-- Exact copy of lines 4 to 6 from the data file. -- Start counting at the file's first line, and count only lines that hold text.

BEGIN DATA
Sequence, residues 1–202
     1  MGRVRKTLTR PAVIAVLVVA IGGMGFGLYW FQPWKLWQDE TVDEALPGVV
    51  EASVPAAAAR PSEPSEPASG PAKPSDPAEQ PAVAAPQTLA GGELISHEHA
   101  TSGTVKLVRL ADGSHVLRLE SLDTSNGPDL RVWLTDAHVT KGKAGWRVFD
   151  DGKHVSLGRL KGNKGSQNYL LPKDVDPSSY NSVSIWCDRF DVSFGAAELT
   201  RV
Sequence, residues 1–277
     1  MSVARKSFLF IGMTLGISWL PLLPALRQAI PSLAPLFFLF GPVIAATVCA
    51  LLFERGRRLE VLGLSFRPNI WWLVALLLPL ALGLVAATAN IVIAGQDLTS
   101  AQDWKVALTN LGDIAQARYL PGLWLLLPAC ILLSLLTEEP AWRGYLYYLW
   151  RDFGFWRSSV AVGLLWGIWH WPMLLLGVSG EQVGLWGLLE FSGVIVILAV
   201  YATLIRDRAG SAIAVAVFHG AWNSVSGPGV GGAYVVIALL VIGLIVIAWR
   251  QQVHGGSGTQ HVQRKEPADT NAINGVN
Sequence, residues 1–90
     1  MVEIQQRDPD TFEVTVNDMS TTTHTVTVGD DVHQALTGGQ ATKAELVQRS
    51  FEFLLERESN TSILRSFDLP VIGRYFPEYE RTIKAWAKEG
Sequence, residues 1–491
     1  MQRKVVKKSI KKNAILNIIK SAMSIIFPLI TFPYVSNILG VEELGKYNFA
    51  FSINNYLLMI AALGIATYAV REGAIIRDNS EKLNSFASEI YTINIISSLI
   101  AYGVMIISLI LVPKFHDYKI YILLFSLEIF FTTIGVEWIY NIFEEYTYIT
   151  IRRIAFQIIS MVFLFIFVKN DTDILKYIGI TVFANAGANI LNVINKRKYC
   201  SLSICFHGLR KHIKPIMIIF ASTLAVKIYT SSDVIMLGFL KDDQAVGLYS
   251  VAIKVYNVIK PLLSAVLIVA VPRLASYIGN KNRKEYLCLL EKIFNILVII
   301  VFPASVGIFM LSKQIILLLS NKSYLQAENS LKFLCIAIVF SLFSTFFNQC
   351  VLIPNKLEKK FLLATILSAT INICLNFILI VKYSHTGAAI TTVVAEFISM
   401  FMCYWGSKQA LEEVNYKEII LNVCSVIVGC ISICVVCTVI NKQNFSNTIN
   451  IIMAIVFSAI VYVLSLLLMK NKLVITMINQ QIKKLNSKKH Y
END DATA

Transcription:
   101  TSGTVKLVRL ADGSHVLRLE SLDTSNGPDL RVWLTDAHVT KGKAGWRVFD
   151  DGKHVSLGRL KGNKGSQNYL LPKDVDPSSY NSVSIWCDRF DVSFGAAELT
   201  RV